Doug Harris
Doug Harris

Doug Harris was a sports writer for the Dayton Daily News from 1997-2013, covering Ohio State football and University of Dayton basketball.  He won the Associated Press award for the best game story in Ohio for his coverage of the Buckeyes’ 2002 national championship win. He also won numerous state AP awards during his 10 years at the Springfield News-Sun. He was a four-year UD varsity basketball player, starting at guard in 1976-77 and serving as co-captain in 1978-79. Between his newspaper stints, he served for seven years as an area director for Young Life, an international Christian outreach ministry. He and his wife Dott live in Springfield and have two grown daughters and seven grandchildren.

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After finishing their opener with some concerns, Fields and offense look sharp against Cincinnati … Defense posts first shutout in two years … Ohio State notches 42nd straight win over in-state foe.

COLUMBUS — Ohio State fans would be quick to tell you their beloved Buckeyes were hard to watch in 2018 and that the season mostly felt like a joyless grind.

Those pretty throws from Dwayne Haskins were certainly easy on the eyes. So was that band of receivers. It’s a shame coach Urban Meyer didn’t give them more than one season to flourish together, but that’s a subject for another day.

The reason they were gruesome to watch — about as gut-churning as seeing TV’s Dr. Pol yanking a newborn calf from its mother’s … uh … well … calf-making area — was that the defense set school records for futility.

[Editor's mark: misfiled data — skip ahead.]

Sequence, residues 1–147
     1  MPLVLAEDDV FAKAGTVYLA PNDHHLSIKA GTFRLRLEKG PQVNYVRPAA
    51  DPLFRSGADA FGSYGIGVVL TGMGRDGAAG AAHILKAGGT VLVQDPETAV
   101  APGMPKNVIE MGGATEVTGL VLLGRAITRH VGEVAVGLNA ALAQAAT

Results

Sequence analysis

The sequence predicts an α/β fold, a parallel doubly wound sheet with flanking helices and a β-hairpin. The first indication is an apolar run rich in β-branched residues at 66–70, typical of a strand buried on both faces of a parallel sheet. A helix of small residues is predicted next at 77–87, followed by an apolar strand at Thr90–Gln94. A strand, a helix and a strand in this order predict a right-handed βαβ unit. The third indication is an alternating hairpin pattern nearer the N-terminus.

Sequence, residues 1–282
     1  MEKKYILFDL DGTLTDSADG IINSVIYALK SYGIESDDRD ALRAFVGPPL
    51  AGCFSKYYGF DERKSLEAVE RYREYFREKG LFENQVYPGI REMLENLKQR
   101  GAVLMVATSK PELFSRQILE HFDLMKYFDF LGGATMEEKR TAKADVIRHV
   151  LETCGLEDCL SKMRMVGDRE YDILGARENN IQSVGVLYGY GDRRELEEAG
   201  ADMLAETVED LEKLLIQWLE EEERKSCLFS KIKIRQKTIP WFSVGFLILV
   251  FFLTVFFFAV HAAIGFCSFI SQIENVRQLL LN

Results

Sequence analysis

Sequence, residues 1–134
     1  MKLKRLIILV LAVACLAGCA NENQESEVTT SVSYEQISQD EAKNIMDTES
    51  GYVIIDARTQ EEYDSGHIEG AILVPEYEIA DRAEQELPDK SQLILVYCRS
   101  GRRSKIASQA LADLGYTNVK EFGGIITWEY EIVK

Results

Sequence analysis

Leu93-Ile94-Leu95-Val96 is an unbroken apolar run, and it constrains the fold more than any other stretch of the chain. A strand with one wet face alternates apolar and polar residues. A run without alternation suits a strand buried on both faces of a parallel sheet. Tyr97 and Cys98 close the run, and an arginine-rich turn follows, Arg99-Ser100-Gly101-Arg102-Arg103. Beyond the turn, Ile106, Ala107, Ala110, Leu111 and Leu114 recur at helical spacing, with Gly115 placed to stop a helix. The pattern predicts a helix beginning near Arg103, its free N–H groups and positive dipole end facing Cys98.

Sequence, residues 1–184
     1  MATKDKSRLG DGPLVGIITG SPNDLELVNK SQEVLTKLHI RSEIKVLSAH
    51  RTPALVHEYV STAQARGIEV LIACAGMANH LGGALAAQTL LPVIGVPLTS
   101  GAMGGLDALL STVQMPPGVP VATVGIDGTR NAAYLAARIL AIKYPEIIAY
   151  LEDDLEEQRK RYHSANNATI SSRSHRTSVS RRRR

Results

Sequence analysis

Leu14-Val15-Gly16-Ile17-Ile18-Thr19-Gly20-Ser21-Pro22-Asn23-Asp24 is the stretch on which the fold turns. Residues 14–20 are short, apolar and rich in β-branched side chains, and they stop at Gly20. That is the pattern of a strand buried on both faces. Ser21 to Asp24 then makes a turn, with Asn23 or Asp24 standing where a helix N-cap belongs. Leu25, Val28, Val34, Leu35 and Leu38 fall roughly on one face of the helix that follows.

The Buckeyes were tied for 51st nationally in points allowed at 25.5 per game and 71st in yards at 403.4. Even worse, they were 118th out of 130 FBS teams in surrendering explosive plays.

Let that sink in for a moment.

New coach Ryan Day was decisive in revamping the defensive staff, figuring the problems were more scheme than personnel (no one has recruited as well as Ohio State the last four years except Alabama and Georgia).

So, how’s the unit faring so far? The early returns couldn’t be more promising.

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The Buckeyes are back to playing knock-your-block-off defense, the kind we’d been accustomed to seeing before last year. In roughly six quarters of action over two games, the first-stringers not only haven’t allowed a touchdown, they’ve barely allowed any POINTS (two field goals).

The Buckeyes could probably have scored 60…Ryan Day sat his #1s for much of the second half.

In a 42-0 annihilation of Cincinnati, a legitimate foe that was causing some pre-game consternation in Buckeye Land, they forced eight punts, allowed only three trips inside their own territory and, at one point, had a 419-140 edge in total yardage (it ended 508-273).

UC’s Michael Warren II, who rushed for 1,329 yards last year and had 92 and a TD in a season-opening win against UCLA, had 15 yards on 10 totes Saturday.

Quarterback Desmond Ridder, considered a future NFL player, had a few lengthy completions in tight windows. Otherwise, it might’ve looked like the 1950 Snow Bowl, minus the snow.